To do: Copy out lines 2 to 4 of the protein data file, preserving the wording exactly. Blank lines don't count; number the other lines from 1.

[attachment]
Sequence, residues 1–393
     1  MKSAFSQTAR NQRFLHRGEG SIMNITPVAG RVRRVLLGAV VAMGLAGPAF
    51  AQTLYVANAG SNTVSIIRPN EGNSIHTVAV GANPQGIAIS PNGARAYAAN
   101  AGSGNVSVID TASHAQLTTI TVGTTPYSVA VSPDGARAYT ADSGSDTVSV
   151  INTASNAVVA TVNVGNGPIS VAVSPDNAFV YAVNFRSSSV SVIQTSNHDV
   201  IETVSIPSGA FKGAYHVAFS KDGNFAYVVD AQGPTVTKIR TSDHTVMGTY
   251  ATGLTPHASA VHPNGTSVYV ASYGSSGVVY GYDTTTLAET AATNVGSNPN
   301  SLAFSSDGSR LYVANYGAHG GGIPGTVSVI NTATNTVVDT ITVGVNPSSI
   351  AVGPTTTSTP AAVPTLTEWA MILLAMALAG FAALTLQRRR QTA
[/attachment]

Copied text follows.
     1  MKSAFSQTAR NQRFLHRGEG SIMNITPVAG RVRRVLLGAV VAMGLAGPAF
    51  AQTLYVANAG SNTVSIIRPN EGNSIHTVAV GANPQGIAIS PNGARAYAAN
   101  AGSGNVSVID TASHAQLTTI TVGTTPYSVA VSPDGARAYT ADSGSDTVSV